The twin advantages of this single-stack system are that all the pipework can be concealed within the house, and that it does away with open discharges at gullies and hoppers which lead to smells and blockages. However, they must be designed carefully if they are to work properly, and there are strict rules about where connections can be made into them.
The most important feature of any waste water system is that it must not allow drain smells to enter the house through the waste pipes. All waste systems do this by having water-filled traps connected to every water-using appliance for built in in the case of WC pans), and these are designed so that they retain the water seal as the appliance is emptied. On modern single-stack systems the trap should always be the deep-seal type, with a water depth of 75mm (3in).
The soil pipe and any branch pipes from gullies run underground from the house and link up at a manhole. This will
be a brick-built chamber on older properties, or a smaller plastic one on newer ones. From there a single drain carries the combined wastes to the main sewer, which generally runs beneath the road next to the property. Additional manholes are provided wherever the drain run changes direction, and on older properties the final manhole may contain a trap and a capped-off rodding eye — this is known as an interceptor trap, and is designed to prevent sewer gases and rats from entering the system. Such a trap is not needed on modern drainage systems.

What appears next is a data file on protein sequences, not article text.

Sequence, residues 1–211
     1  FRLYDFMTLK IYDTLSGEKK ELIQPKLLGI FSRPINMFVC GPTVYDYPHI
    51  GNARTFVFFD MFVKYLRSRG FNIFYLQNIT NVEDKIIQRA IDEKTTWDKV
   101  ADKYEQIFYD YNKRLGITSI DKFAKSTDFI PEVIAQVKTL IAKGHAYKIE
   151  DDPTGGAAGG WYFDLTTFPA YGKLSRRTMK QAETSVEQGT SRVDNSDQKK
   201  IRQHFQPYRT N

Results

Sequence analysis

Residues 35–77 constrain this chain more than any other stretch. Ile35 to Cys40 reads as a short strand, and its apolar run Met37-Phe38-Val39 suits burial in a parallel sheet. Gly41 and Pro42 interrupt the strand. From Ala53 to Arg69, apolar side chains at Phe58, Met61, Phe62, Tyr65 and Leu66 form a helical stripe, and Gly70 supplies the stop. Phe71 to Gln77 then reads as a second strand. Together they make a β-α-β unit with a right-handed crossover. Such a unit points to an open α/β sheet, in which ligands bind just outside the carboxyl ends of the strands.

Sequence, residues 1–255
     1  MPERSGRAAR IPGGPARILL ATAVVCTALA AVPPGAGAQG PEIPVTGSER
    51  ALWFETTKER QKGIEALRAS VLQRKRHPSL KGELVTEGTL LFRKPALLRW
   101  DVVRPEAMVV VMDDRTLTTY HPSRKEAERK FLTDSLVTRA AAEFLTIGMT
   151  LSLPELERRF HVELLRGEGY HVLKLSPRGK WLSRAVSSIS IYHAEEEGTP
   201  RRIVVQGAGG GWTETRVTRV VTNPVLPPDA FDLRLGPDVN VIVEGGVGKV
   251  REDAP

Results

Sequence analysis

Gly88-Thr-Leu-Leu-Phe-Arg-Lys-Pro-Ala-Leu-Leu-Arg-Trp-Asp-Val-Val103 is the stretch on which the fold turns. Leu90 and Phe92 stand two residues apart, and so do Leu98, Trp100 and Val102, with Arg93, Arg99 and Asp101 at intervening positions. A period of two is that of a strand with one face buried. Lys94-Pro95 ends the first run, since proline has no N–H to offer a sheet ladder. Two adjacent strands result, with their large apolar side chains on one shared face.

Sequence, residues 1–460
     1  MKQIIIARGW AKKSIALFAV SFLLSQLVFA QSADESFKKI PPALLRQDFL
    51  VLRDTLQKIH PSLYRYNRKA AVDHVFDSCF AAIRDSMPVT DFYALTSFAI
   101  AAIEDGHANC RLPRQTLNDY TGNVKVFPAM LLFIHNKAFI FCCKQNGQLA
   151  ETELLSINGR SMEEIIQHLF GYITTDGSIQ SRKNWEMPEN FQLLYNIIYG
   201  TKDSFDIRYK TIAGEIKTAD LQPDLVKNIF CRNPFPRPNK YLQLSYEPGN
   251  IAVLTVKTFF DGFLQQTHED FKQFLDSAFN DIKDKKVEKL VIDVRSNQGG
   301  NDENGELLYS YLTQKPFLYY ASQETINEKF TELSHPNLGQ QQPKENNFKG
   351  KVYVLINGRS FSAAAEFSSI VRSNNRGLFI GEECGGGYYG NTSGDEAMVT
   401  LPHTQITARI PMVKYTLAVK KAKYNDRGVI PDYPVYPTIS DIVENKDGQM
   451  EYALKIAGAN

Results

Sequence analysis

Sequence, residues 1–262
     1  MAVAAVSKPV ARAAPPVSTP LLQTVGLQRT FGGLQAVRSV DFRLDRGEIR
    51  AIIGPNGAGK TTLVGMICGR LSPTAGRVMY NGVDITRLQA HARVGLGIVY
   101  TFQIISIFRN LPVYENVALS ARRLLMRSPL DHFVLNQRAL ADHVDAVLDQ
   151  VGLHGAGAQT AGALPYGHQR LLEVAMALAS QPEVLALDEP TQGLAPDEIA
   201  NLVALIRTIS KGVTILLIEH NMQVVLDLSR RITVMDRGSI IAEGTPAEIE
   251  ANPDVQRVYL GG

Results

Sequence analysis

A few rural properties remote from mains drainage may have a cesspool or septic tank to dispose of waste water. A cesspool is just a watertight underground chamber which retains sewage and waste water until it can be pumped out and disposed of by a special tanker — a job that has to be carried out regularly. A septic tank is in effect a miniature sewage works, encouraging the decomposition of stored sewage through the action of anaerobic bacteria so that harmless effluent can then be discharged safely into a stream, ditch or land drain.